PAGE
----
Java joints offer good joe
Despite what the French say, I love my American sock juice. Flavored? Sure, whatever, I’m no purist. Unsweetened with whole milk — cream, if you have it — too.
Coffee shops serve many functions. They’re a place to meet friends, engage in lively intellectual conversations, read a textbook, write a poem. They’re a destination on those angsty days when I just need to get away. Cafés are my escape plan. I go, mostly, to trick myself into thinking I’m not doing work, but when I’m not people watching, I often am. I mean, who can say no to free wireless Internet? And, when this de-stress strategy fails, I’ll just quit school. I’ll start a coffee shop of my own — a small, slow, struggling one with three tables and loyal regulars. I’ll wipe the tables and read a book in the down times, basking in the smell of freshly ground beans and listening for the bell on the door to ring business.
Coffee shops provide a refuge for the hipsters, the writers, the readers, the caffeine addicts, and café connoisseurs. They’re a place to be alone, a place to catch up. Go there for a more enticing meeting, or apply for a job there; the pay’s not great, but the people are friendly (except maybe at 8:05 am in the business district). And whether it’s Starbucks, Panera Bread, Caribou Coffee, the Coffee Tree Roasters, Crazy Mocha, or a locally owned venue, Pittsburgh’s coffee scene has a lot to offer for every taste and comfort level, if you know where to look.
61c: I like to walk to the 61c (located on Murray Avenue, in Squirrel Hill) on sunny Saturday afternoons, because then it doesn’t seem like working. I get to kill five birds: It counts as exercise, gets me off campus, a chance to call my mom, a place to work, and gets me a hot mug of something for a perfectly reasonable price. And, for my tastes, their muffins are the best I’ve found. Granted, it’s a bit cramped; the dozens of little square tables are a little gridlocked, but the light from that huge front window is fantastic. There is outside seating when it’s warm enough, but I prefer to be inside anyway, because that soft electronica they play is often new (to me) and always good.
Tango Cafè: Farther down Murray (on Forward Avenue) is the Tango Café, Pittsburgh’s Argentinian coffee house, offering a variety of teas and coffee drinks, tasty sandwiches, and Spanish classes almost every night. There are only seven tables, but on a Thursday afternoon, I am the only one there. From there I can catch either a 61C or 59U back to campus.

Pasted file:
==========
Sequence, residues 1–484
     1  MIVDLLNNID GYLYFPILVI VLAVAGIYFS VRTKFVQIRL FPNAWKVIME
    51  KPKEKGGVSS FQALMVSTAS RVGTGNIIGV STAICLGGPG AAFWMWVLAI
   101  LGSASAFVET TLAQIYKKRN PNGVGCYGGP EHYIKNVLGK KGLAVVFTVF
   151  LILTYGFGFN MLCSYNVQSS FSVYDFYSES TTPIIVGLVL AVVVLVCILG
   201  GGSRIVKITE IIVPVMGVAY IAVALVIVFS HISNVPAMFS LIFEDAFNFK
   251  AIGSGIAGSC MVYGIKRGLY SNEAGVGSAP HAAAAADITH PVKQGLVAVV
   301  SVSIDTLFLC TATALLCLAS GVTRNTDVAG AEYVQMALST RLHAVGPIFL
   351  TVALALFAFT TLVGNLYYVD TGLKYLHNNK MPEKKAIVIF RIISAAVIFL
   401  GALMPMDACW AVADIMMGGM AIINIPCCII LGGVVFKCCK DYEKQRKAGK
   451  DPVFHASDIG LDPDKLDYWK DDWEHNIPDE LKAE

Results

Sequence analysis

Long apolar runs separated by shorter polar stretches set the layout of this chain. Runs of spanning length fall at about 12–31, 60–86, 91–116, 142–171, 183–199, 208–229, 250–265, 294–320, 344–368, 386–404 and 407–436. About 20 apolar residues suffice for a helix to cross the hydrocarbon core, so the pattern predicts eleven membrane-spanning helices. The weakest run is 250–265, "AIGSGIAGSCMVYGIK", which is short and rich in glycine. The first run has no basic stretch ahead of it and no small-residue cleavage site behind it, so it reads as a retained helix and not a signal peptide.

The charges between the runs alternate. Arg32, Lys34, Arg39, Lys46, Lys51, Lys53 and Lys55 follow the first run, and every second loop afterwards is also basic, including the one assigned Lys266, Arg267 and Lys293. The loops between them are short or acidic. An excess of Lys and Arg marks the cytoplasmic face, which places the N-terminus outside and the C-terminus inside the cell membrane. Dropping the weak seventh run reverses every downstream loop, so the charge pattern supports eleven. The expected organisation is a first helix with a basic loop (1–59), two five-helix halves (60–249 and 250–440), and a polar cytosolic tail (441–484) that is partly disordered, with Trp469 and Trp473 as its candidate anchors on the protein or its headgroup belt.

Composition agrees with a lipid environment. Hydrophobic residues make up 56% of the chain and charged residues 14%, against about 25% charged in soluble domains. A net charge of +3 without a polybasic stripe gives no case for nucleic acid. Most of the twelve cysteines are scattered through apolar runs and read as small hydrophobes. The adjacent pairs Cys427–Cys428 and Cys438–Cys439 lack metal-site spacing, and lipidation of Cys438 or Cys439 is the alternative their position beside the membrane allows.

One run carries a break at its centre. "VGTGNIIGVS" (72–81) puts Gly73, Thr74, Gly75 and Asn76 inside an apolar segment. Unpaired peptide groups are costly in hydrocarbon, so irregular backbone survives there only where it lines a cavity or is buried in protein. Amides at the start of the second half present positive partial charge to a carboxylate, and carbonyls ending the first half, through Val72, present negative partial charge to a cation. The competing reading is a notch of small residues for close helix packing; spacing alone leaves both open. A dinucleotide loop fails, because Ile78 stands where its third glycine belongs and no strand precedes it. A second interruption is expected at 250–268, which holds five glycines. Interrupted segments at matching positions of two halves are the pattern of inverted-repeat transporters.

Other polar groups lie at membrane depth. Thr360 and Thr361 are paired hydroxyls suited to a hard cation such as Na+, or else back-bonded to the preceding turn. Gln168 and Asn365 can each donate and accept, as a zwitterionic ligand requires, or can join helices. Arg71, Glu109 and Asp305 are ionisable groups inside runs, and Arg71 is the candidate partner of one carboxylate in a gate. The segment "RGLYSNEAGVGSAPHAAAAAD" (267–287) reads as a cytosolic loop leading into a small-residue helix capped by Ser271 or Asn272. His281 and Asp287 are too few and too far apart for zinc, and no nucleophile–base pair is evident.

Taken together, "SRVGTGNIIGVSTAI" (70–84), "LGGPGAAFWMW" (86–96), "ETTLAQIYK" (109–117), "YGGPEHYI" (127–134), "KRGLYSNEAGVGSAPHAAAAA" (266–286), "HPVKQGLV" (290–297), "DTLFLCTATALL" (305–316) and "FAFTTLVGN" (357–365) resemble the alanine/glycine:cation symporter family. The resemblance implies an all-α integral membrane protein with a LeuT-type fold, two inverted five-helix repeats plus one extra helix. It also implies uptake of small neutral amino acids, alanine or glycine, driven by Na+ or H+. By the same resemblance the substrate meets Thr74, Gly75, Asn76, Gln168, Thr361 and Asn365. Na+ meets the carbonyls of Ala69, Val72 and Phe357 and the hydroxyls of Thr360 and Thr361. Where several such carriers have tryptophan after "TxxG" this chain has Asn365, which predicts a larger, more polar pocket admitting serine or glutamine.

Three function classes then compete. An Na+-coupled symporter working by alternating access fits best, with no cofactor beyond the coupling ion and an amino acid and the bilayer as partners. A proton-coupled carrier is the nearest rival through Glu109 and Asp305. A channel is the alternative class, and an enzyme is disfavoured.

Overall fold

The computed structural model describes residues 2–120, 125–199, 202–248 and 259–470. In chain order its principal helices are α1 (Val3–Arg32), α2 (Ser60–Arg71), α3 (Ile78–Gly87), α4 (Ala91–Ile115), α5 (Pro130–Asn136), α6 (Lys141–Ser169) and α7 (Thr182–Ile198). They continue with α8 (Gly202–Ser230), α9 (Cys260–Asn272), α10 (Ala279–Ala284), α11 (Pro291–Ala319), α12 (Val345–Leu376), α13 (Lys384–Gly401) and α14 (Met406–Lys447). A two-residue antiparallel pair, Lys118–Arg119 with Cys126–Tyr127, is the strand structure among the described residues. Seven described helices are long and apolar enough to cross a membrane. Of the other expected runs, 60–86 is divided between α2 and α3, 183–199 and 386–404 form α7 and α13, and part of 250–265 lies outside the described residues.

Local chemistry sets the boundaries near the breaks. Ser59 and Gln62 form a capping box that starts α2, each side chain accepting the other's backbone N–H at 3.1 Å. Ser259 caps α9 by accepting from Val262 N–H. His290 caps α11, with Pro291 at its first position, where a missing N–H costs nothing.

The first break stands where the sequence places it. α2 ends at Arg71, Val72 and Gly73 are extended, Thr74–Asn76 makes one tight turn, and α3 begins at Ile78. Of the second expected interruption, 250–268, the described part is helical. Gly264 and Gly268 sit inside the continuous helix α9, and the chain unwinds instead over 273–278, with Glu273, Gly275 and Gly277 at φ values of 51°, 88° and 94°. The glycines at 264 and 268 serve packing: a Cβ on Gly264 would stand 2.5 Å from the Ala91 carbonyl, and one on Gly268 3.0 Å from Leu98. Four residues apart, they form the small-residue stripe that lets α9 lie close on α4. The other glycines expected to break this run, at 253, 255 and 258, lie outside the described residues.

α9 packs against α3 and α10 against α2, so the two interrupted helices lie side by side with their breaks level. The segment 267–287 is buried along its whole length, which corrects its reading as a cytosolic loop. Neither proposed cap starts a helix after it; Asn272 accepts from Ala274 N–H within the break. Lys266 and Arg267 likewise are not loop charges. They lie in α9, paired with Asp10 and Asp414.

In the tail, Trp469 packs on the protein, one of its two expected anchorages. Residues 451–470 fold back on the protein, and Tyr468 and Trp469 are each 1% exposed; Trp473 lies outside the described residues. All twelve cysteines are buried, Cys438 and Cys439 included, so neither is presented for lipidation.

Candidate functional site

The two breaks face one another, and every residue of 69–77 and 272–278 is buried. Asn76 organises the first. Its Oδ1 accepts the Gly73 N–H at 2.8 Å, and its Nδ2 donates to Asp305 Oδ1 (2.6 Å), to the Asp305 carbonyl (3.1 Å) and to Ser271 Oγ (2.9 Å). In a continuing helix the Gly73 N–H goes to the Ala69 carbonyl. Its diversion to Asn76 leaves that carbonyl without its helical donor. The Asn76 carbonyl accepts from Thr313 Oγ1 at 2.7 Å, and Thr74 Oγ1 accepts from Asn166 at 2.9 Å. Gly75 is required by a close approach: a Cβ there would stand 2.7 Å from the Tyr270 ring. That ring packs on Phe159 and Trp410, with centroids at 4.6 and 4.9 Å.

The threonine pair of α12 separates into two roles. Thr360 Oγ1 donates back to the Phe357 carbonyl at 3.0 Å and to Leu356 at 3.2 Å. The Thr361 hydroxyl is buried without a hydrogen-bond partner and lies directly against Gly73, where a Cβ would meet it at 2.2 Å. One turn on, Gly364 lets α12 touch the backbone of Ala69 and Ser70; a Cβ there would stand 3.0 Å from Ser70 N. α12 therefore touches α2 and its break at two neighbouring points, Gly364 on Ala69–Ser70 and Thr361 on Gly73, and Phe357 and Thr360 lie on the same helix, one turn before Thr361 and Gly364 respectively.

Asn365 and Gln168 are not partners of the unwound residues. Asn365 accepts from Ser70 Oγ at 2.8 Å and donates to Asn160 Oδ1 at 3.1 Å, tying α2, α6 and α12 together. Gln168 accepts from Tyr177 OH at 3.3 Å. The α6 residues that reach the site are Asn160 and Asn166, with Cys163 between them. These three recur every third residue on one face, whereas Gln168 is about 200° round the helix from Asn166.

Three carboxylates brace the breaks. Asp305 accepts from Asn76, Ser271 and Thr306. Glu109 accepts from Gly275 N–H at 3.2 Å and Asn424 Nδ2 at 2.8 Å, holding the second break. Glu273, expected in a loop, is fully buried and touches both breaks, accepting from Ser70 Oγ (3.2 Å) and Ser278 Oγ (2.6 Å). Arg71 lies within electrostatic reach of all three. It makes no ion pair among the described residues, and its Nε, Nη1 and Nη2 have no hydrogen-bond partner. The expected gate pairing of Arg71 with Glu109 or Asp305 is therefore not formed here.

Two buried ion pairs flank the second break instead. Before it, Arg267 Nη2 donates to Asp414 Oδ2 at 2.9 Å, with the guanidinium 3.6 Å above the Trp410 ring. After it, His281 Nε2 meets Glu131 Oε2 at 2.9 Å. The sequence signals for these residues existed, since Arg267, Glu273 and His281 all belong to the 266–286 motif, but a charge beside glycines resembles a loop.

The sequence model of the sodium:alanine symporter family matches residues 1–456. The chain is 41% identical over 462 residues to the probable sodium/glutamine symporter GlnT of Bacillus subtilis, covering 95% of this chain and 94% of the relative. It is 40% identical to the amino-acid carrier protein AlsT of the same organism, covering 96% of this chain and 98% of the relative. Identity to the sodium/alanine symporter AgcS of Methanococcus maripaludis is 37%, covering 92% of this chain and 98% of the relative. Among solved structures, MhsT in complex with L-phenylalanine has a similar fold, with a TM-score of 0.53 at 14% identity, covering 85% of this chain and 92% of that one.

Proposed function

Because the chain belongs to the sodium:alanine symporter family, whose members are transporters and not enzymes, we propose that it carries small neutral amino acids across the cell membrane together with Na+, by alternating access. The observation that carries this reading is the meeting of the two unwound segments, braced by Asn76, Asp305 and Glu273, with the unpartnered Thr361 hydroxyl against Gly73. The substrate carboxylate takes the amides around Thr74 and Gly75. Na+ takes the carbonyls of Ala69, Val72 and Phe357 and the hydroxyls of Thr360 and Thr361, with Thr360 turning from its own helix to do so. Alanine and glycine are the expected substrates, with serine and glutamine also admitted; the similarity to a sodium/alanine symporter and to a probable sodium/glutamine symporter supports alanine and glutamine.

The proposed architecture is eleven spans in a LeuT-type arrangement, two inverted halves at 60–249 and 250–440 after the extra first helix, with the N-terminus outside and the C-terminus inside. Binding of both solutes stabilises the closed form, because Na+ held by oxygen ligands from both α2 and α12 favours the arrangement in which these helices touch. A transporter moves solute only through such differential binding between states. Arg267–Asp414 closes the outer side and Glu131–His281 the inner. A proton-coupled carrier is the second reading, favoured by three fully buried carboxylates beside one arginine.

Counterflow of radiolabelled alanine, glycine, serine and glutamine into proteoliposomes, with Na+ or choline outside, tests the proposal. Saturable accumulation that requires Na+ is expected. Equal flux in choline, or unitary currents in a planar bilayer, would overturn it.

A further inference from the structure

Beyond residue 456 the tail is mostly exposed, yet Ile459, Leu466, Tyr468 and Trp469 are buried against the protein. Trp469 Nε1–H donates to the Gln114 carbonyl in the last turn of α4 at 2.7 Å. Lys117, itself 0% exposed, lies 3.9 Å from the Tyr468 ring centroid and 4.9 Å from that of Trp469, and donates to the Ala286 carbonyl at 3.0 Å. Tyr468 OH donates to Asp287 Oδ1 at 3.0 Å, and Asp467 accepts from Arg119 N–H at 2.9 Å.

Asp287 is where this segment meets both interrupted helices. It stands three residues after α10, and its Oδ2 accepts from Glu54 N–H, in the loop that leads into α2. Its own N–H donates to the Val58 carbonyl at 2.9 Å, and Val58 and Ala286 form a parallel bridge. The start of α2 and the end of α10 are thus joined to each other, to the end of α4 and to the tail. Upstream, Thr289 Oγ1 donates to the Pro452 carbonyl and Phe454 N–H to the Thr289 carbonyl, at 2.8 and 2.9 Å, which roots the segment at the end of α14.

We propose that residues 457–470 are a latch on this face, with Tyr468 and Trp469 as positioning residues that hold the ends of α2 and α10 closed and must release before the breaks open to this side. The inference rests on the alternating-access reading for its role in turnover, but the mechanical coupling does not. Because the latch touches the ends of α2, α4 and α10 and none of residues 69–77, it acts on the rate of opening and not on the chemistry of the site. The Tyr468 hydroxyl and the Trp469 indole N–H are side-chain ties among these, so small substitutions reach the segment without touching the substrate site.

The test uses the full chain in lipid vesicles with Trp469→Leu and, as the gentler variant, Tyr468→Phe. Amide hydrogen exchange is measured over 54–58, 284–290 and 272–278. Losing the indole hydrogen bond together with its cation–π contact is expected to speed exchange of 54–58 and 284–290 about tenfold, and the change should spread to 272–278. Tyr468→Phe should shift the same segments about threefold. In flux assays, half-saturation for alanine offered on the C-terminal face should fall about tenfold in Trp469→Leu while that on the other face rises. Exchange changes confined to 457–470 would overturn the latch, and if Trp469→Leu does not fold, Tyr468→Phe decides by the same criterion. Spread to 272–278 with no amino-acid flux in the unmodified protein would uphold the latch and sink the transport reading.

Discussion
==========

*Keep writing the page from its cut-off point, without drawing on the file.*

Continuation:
The Beehive: Go to the South Side’s Beehive if you wear Converse sneakers, like disco balls, and paint in primary colors. The Beehive now boasts a smoking lounge and a quiet study room, but I prefer to be loud when I’m there. It’s a place for my friends and me on Friday nights, playing Jenga in large groups. Their game section has a lot of potential if you can find all the pieces. With Jenga it’s not a problem, and all the blocks have long since been individualized — go ahead and call all those numbers “for a good time” if you want. The 54C will take you right back to Craig Street, where you’re faced with a choice:
Starbucks, or Kiva Han? I choose Kiva Han, usually, out of loyalty to the artists and musicians who exhibit there and because I love to while away the hours on their upper level while reading the philosophies expressed on the colorful walls of their bathroom. You have to love a place that recycles their cup sleeves, right?
Coffee Tree Roasters or Walnut Jitters: If the Coffee Tree Roasters in Shadyside is full (or all the couches are taken), I walk a few more blocks down to Walnut Jitters, a tiny little place in the Shadyside Mall. I like their couch, their white-chocolate-flavored coffee, and the sight of young couples buying ice cream for their children while people peer in from the street. It’s small, intimate, and relaxing. They were playing Coldplay’s “Parachutes” last time I was in.
Enrico’s Tazza D’Oro: I have to say my newest favorite is Enrico’s Tazza D’Oro, which is located on Highland Avenue in East Liberty. I like the little tables, the couches, the photographs on the walls, and the sense that when I go there I’m among real people, not just students. The music is mild, but far from elevator music — music like Aimee Mann. They are bringing Europe to Pittsburgh’s East End. They take great pride in the quality of their coffee, while providing a variety of soups and sandwiches. And I’m definitely going back for another cappuccino and that enormous brownie.